Naturopathic Kitchen: Mushrooms

Different types of mushrooms on a wooden cutting board.

Mushrooms are popular for their hearty texture, savory flavor, and versatility in many different types of recipes. They can be eaten fresh, dried, or cooked, chopped into stir-fries, added to pasta sauce, used as a substitute for meat, and the list goes on. Mushrooms are also a good source of Vitamin D and antioxidants, and individual mushroom varieties have a wide range of health and nutrient benefits. 1

Mushroom Varieties to Try

Portobello

Portobello mushrooms have large, meaty caps just the right size to fit in a bun, which is why they are popular to grill and eat as burgers.They have an earthy, savory flavor that makes them a great alternative to meat in dishes like lasagne or shepherd’s pie. Portobello mushrooms are an excellent source of Vitamin D and antioxidants, which work to maintain a healthy immune system. These mushrooms also contain a large amount of potassium, a mineral that boosts cardiovascular health and can help prevent osteoporosis. 2 3 4 

Turkey Tail

Turkey tail mushrooms are round and flat with a variegated color pattern. The shape and color of these mushrooms resembles a turkey’s tail, giving them their name. They have a mild, earthy flavor and may appeal to people who are hesitant about mushrooms because turkey tail mushrooms do not have a strong taste. These mushrooms are packed with antioxidants and have been shown to improve the immune system. They also contain compounds called polysaccharopeptide (PSP) and polysaccharide-K (PSK), both of which have been shown to fight cancer cells. 5 6 

Lion’s Mane

Lion’s mane mushrooms have a fibrous, furry texture that makes them look like pom-poms or lions’ manes. They have a savory taste that many people describe as being similar to crab, lobster, or other seafood. Lion’s mane mushrooms are a good source of immune-boosting antioxidants and they also help improve cognitive function, focus, and can alleviate feelings of anxiety. 7 These mushrooms’ positive impact on brain function is due to neuroactive compounds that promote neuron synthesis, resulting in better focus and reduced brain fog. 8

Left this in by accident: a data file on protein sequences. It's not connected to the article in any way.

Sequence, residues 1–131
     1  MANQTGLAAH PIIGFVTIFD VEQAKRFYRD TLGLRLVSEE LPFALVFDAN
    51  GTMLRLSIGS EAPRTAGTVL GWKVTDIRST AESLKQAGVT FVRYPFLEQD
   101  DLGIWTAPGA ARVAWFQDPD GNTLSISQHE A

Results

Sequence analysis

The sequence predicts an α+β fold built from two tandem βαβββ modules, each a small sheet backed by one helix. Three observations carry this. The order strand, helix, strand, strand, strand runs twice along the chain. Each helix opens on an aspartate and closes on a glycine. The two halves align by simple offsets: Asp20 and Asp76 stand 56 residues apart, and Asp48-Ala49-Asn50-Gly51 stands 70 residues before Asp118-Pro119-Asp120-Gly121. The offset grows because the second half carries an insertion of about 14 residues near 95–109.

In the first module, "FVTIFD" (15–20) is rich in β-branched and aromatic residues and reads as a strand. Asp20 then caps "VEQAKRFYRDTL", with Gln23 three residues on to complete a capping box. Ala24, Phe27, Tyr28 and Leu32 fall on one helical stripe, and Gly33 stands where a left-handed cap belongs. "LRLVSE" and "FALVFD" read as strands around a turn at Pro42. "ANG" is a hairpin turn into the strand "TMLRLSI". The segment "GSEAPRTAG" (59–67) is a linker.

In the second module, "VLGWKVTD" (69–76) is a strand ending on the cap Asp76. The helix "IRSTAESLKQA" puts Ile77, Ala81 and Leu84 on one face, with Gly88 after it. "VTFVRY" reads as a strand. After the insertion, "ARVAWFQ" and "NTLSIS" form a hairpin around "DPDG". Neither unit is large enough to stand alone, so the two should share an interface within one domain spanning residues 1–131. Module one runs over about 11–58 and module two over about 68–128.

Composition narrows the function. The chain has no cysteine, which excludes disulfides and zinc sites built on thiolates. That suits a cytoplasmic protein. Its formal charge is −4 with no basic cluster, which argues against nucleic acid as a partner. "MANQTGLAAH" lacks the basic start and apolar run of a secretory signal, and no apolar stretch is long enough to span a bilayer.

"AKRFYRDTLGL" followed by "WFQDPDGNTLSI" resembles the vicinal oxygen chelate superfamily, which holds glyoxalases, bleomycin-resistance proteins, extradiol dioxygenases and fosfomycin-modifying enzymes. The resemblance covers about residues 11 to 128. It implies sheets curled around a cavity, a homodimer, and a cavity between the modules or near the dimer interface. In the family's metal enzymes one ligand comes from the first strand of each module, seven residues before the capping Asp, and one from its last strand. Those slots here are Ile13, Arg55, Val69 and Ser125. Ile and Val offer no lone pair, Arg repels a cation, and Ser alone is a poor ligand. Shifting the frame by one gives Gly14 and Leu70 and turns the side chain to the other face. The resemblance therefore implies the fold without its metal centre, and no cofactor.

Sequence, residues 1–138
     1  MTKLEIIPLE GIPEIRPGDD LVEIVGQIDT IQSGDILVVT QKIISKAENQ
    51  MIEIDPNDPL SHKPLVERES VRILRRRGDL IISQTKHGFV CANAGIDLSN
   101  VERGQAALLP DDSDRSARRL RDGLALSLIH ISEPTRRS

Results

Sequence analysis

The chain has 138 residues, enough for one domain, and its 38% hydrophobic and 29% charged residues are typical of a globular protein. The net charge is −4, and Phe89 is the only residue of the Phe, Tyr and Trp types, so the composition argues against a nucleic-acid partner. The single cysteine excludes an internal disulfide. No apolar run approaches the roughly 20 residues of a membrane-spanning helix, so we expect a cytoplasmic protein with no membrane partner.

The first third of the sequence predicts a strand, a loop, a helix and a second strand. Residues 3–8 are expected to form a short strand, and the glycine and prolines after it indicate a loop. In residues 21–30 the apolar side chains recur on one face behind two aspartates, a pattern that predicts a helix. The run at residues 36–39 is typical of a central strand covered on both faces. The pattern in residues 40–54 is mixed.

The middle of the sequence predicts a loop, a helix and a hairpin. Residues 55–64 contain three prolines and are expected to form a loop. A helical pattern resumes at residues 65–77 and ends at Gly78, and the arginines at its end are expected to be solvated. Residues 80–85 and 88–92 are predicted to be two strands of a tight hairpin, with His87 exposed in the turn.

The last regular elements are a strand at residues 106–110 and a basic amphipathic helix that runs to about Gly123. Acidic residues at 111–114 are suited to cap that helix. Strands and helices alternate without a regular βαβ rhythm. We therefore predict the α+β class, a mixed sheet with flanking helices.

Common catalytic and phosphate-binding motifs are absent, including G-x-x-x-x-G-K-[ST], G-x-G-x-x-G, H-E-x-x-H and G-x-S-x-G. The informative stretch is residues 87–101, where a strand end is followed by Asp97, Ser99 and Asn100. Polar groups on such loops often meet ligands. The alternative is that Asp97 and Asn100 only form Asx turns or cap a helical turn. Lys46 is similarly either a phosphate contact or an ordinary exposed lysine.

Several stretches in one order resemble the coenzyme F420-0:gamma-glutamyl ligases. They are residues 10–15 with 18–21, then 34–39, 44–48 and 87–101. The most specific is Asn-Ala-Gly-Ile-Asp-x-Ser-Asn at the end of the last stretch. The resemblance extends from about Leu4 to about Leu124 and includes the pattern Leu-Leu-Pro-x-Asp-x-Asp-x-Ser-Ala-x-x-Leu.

Mushroom Miso Soup

This is the base for a delicious and easy broth soup. You can add other vegetables and the protein of your choice.  Scallions are used for the early onset of colds and flus. Miso, or fermented soybeans, has been used for intestinal health as well alkalizing and reducing inflammation. Mushrooms help with overall immunity.

Recipe courtesy of NUNM

Ingredients

  • 2 cups dried mushrooms of your choice (shiitake, portobello, king mushrooms, or a mix of these work well)
  • 6 cups of water
  • Ginger – 1 inch, julienned
  • 3 scallions, chopped
  • 4 -6 tbsp miso of your choice (Red miso is commonly used in restaurants. Yellow miso has an earthy flavor.  White miso is mild and sweeter.)

Additional Optional Ingredients:

  • Spinach leaves
  • Tofu, cubed
  • Protein of your choice
  • Pumpkin seeds, slightly roasted for crunch
  • Wakame seaweed

Directions

Bring water to a boil. Add dried mushrooms to rehydrate. Wait until softened, about 10 minutes.  Drain liquid and keep off to the side–this is your mushroom stock. Slice up the mushrooms. If the center stem is still too hard, you can discard that or keep for use in other stocks.

Heat up mushroom stock. julienned ginger slices, chopped scallions and 1 tsp. of miso. Add the mushrooms and additional ingredients if desired. Be sure to not boil the broth again since it will deactivate the live cultures of the miso. Serve immediately. 

4 small servings

If you are interested in pursuing a career in the healing capacity of food and other natural health practices, naturopathic medicine may be a good fit for you.

 

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